In Part 23 this column noted that Indonesia which had taken a lead role in the Production Sharing Contract (PSC) had moved to the Gross Sharing Production Sharing Contract. In fact, in 2015 Mexico and India are the two other countries which have migrated to similar systems, India after considerable debate. That does not mean that there will be a migration wave: just that in the industry nothing stands still. Today’s column looks at a much more basic or preliminary issue involving the petroleum sector – how contracts are in fact awarded.
The real issue is whether there is a policy for the sector to start with. The APNU+AFC was confronted practically from day one with the news of a major oil find. If they were unprepared it would be most natural, even if Robert Persaud, the Minister of Natural Resources and the Environment had briefed the new Minister. Two years on however, there is no policy, no new primary or secondary legislation and one wonders whether and when Minister Trotman will introduce new legislation. In fact, the Minister continues to behave as if he is still to learn the very basics of the sector although this does not suggest that his job is at risk. His two major achievements to date are the signing of a new Petroleum Agreement with the ExxonMobil subsidiary and causing Guyana to become a member of Extractive Industries Transparency Initiative (EITI).
The Administration seems determined that Guyana will have access only to such information as it decides Guyanese deserve, whether any contract signed by the Administration in the name of the people, or basic information. Contrast this with Ghana where the Government three years ago was both praised by the Africa Centre for Energy Policy (ACEP) for inserting an anti-corruption clause in four of six new Petroleum Contracts but criticised for rushing these petroleum contracts to Parliament, suspected as an attempt “to avoid the public scrutiny required in the new Petroleum (Exploration and Production) Bill through open and competitive bidding particularly when the oil blocks in question are in known areas with considerably lower risks than unknown areas.”
Here is that anti-corruption clause.
“Each contractor party warrants that neither it nor any of its Affiliates or any of its or their officers, directors or employers has made, offered, or authorized and will not make, offer, or authorize with respect to the matters which are the subject of this Agreement, any payment, gift, promise or other advantage, whether directly or through any other person or entity, to or for the use or benefit of any public official (i.e. any person holding a legislative, administrative or judicial office, including any person employed by or acting on behalf of a public agency, a public enterprise or a public international organization) or any political party or political party official or candidate for office, where such payment, gift, promise or advantage would violate to the extent applicable to such Party (i) the applicable laws of Ghana; (ii) the laws of the country of incorporation of such Party or such Party’s ultimate parent company; (iii) the principles described in the Convention on Combating Bribery of Foreign Public Officials in International Business Transactions, signed in Paris on December 17, 1977, …..(iv) the United States of America Foreign Corrupt Practices Act 1977; and (v) the United Kingdom Bribery Act 2010.”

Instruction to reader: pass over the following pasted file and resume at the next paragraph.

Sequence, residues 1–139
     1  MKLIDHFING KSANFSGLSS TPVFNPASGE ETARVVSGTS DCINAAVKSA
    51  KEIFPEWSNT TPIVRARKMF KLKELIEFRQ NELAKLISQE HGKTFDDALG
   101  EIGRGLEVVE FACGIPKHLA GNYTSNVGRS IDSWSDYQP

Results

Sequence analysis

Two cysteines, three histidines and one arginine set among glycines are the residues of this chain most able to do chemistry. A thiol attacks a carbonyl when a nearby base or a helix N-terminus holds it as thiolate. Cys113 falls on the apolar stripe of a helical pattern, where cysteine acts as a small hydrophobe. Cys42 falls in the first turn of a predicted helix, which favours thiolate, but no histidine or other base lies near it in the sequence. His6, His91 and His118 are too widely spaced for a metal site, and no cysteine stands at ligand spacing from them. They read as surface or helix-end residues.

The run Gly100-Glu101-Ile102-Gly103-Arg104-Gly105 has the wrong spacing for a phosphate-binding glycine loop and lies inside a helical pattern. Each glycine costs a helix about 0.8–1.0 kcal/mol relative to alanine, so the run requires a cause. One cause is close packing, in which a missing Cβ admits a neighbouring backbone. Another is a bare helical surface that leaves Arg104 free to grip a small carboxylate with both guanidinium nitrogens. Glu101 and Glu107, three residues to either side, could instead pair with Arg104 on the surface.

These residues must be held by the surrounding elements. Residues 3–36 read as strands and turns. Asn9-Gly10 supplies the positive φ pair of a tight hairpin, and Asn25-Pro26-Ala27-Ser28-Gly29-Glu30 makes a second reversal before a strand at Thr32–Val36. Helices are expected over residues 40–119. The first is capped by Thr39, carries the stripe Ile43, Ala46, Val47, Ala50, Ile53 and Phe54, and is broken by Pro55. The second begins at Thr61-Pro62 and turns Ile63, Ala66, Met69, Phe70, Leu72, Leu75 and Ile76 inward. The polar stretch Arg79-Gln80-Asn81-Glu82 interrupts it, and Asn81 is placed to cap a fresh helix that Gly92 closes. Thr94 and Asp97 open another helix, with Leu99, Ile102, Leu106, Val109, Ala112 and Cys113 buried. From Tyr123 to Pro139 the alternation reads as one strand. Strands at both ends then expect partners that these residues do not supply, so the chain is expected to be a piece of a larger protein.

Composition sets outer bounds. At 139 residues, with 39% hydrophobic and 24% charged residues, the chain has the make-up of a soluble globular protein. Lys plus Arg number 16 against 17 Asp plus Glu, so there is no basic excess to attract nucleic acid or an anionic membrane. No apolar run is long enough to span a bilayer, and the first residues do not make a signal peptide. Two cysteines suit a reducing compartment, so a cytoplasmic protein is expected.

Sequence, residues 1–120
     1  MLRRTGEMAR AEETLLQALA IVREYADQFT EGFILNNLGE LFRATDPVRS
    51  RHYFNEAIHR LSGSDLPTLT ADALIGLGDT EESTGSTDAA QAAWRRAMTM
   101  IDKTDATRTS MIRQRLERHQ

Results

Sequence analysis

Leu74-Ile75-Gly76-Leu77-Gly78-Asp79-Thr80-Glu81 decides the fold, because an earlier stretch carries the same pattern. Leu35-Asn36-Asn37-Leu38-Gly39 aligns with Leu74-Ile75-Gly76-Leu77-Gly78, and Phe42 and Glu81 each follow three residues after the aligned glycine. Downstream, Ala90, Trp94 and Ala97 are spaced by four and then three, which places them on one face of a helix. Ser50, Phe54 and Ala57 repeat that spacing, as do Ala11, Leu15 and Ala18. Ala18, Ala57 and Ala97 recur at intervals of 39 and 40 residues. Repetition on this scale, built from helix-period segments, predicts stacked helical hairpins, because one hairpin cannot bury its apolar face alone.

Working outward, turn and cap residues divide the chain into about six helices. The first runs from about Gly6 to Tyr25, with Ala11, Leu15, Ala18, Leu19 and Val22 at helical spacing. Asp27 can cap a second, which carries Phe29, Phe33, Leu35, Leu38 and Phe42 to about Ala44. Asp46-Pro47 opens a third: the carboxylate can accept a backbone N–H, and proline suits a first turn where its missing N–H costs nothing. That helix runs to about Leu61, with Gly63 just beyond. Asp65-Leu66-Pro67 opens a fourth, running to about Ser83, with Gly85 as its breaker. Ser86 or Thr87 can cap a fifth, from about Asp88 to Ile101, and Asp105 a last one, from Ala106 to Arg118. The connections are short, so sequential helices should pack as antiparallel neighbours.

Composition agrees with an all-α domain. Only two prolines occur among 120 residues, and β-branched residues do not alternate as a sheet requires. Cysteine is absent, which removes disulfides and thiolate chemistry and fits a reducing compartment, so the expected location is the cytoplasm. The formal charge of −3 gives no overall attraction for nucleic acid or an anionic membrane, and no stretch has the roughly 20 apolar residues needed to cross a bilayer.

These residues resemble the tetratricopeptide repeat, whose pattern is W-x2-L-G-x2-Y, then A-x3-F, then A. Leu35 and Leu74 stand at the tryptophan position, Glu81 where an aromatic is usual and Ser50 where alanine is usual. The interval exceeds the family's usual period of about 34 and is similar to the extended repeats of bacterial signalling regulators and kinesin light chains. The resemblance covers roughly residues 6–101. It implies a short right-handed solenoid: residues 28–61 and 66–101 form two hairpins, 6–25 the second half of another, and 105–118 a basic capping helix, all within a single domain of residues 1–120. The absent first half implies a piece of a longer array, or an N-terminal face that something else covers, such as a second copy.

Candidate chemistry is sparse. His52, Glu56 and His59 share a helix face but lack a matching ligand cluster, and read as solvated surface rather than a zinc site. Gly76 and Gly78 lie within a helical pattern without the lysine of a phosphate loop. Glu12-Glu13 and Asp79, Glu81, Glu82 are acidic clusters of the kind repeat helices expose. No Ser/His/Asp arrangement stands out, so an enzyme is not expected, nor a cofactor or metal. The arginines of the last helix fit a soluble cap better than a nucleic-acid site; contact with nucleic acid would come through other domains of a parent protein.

Minister Trotman has signed at least two Petroleum Agreements as Minister and it would be interesting to know a) whether he removed the confidentiality clause which he had argued, wrongly, had tied his hands in terms of disclosure; b) has inserted any anti-corruption clause in the contract; c) had strengthened the Agreement with respect to protection of the environment, oil spills and insurance; d) addressed in any way the stability clause present in earlier agreements; and e) taken any steps to remove the deemed taxation provision in such earlier agreements.
The petroleum sector has changed dramatically from the first day of this Administration to the present day, suggesting that the country’s policy and laws should also have changed. Sadly, nothing has. In fact, the Government seems so afraid to offend that certain names are mentioned only in hushed voice. This is a troubling development for any relationship, let alone one involving a sovereign state. Manpower and skills shortages can hardly be the only constraints to the development of the sector. The skills are available – the question is whether the Administration is ready to deal with professionals.
Would it not be great if instead of wondering whether or not the country received any particular payment, the criticisms against the Government was its reluctance to adopt an open and competitive process in licensing oil blocks, make contract disclosure mandatory and establish a register for the disclosure of beneficial ownership information in all PAs?